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Surviving a catastrophe

Elevator explosion a memory but challenges continue.

A year ago, Ed Foster awakened to a ringing phone and was told the All Points Cooperative grain elevator had exploded.

The CEO of All Points Cooperative in Gothenburg found himself trying to gather as much information as quickly as possible.

“Were there fatalities or injuries and where and how do we go from here?” Foster said he was thinking Nov. 20, 2008, after grain dust detonated at 3:15 a.m.

The explosion rocked much of the sleeping city.

“I had no idea of what to expect when I drove downtown,” he said.

Determining damage to the elevator was difficult as fires continued to flare in the weeks following the blast.

But before rebuilding, workers had to tear out the mangled remains of the head house, Foster said.

“There were guys working on top in subzero temperatures with jackhammers and cutting torches,” he explained. “It all had to be removed by hand.”

Gothenburg fire chief Mark Ballmer, who is also vice president of agronomy at All Points, said the explosion that blew up the center of the elevator was caused by grain dust but the source of ignition was never determined.

Ballmer said the biggest thing All Points has had to overcome is operation of the business with ongoing construction.

“The explosion took the heart of our elevator where all the grain we handled needed to flow through,” he said. “Due to the volume we handle, not being able to move grain by rail was huge.”

The area damaged by the explosion contained high capacity legs, distribution equipment, screeners and all the equipment that loaded and weighed rail cars.

In the last month, Ballmer said enough equipment has been installed to allow the shipment of grain by rail again.

Until then and after the explosion, grain received was shipped out by semi-trucks.

Cool and rainy weather throughout the year caused delays as crews reconstructed the inside and outside of the elevator.

For example, the inside of silos needed to be lined with concrete.

“Even with little sprinkles of rain, the concrete crew had to stop,” Foster said.

Steve Costello , vice president of the grain division, pointed out that relining reduced the elevator’s 3.5 million-bushel storage capacity by only 30,000 bushels.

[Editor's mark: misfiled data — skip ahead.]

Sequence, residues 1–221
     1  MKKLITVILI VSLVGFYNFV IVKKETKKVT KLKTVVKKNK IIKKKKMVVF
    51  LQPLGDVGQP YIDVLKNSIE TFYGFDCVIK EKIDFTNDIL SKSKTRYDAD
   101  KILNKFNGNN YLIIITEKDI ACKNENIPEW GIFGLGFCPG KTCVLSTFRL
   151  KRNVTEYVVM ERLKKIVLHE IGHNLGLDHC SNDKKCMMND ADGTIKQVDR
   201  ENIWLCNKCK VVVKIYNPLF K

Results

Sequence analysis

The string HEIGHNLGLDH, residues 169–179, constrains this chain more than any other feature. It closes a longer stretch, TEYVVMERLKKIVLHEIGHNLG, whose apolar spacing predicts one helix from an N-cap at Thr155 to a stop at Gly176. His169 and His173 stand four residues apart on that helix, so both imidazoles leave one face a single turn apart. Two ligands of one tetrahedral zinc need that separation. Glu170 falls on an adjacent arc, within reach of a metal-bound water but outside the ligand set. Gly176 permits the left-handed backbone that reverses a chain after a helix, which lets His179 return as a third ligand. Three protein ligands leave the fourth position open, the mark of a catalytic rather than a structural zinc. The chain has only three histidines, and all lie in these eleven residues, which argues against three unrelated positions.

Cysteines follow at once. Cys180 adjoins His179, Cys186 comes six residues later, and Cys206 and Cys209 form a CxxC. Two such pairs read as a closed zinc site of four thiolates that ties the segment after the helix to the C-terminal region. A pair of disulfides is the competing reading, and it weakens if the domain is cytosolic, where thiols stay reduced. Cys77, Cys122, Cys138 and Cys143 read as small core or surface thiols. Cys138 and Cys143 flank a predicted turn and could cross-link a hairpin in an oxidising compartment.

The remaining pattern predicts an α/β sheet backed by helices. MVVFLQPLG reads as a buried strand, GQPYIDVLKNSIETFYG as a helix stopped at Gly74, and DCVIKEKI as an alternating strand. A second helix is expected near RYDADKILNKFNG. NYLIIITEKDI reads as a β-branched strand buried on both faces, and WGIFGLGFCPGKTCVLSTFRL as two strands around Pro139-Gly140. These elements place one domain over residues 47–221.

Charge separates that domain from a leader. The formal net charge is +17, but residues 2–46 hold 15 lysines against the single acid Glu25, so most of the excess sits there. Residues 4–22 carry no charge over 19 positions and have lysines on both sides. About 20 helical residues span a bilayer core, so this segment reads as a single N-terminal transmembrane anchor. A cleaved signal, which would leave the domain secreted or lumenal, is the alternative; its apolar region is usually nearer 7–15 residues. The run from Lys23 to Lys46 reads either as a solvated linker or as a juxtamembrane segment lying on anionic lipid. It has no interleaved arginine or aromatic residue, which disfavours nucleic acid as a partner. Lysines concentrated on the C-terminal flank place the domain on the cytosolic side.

Included in the reconstruction plan was the addition of a more technologically advanced computer system that controls all elevator operations.

Before the explosion, Costello said they had only partial control.

“If there’s a problem now, the system automatically shuts down,” he said.

Foster likened much of the reconstruction to assembling a puzzle.

“Some of it had to be put in place to make sure it fit before a second piece could be built,” he explained.

Other obstacles were the small fires that continued to burn inside the elevator for about three months after the explosion.

On Feb. 10, fire fighters returned to extinguish a flare up caused by the salvage crew removing damaged grain that ignited.

The fire damaged part of a conveyor belt.

Foster said they are still gathering information about damage for the insurance company.

At this point, they know damage to equipment ranges from $6 to $8 million not counting loss of business.

As the one-year anniversary of the explosion nears, Costello said All Points officials “learned all kinds of educational stuff we don’t want to learn again.”

On a more serious note, he said “you’re no better than your employees.”

“They have done such a good job getting us through this,” Costello said. “We’ve also got a good group of farmers who have been cooperative as much as they can.”

For Costello, the challenges have been never ending as All Points tries to service patrons the best it can,” he said.

All three officials noted that the community and its farmers, the City of Gothenburg, the fire department, the railroad and the state department of roads were very cooperative after the explosion.

“Everybody asked what we needed,” Costello said.

Foster, Costello and Ballmer were also amazed there weren’t fatalities from the explosion.

”If it would have taken place during business hours in the middle of harvest, there is no question in my mind we would have had loss of life,” Ballmer said. “You can fix concrete and steel but you can’t replace that.”

One employee who was operating the elevator when the blast occurred escaped through a door of the main elevator.

Larry Moses, superintendent of the elevator, suffered burns to his face and was transported to the hospital and later to a Lincoln burn center.

After recovering, Moses returned to work at the elevator.

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